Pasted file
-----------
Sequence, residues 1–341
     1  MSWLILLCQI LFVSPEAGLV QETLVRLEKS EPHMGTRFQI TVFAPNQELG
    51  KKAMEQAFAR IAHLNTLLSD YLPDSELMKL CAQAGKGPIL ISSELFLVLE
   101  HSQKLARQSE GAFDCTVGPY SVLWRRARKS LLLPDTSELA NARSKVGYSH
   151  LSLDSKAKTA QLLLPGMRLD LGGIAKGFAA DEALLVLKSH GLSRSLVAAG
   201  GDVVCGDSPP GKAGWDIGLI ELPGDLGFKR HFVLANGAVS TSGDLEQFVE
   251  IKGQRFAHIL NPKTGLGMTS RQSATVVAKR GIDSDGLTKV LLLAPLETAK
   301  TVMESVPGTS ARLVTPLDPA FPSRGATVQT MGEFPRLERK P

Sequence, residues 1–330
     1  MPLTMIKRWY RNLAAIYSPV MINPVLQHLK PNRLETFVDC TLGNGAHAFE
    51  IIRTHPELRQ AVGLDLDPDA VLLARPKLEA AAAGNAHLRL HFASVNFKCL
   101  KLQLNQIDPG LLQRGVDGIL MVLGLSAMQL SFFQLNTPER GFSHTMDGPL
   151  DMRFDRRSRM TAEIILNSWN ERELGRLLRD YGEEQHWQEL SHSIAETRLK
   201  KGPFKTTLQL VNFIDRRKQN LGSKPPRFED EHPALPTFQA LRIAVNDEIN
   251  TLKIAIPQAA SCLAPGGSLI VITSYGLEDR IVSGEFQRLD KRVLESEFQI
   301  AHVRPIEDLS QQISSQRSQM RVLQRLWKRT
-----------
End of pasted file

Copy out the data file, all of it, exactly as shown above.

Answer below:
Sequence, residues 1–341
     1  MSWLILLCQI LFVSPEAGLV QETLVRLEKS EPHMGTRFQI TVFAPNQELG
    51  KKAMEQAFAR IAHLNTLLSD YLPDSELMKL CAQAGKGPIL ISSELFLVLE
   101  HSQKLARQSE GAFDCTVGPY SVLWRRARKS LLLPDTSELA NARSKVGYSH
   151  LSLDSKAKTA QLLLPGMRLD LGGIAKGFAA DEALLVLKSH GLSRSLVAAG
   201  GDVVCGDSPP GKAGWDIGLI ELPGDLGFKR HFVLANGAVS TSGDLEQFVE
   251  IKGQRFAHIL NPKTGLGMTS RQSATVVAKR GIDSDGLTKV LLLAPLETAK
   301  TVMESVPGTS ARLVTPLDPA FPSRGATVQT MGEFPRLERK P

Sequence, residues 1–330
     1  MPLTMIKRWY RNLAAIYSPV MINPVLQHLK PNRLETFVDC TLGNGAHAFE
    51  IIRTHPELRQ AVGLDLDPDA VLLARPKLEA AAAGNAHLRL HFASVNFKCL
   101  KLQLNQIDPG LLQRGVDGIL MVLGLSAMQL SFFQLNTPER GFSHTMDGPL
   151  DMRFDRRSRM TAEIILNSWN ERELGRLLRD YGEEQHWQEL SHSIAETRLK
   201  KGPFKTTLQL VNFIDRRKQN LGSKPPRFED EHPALPTFQA LRIAVNDEIN
   251  TLKIAIPQAA SCLAPGGSLI VITSYGLEDR IVSGEFQRLD KRVLESEFQI
   301  AHVRPIEDLS QQISSQRSQM RVLQRLWKRT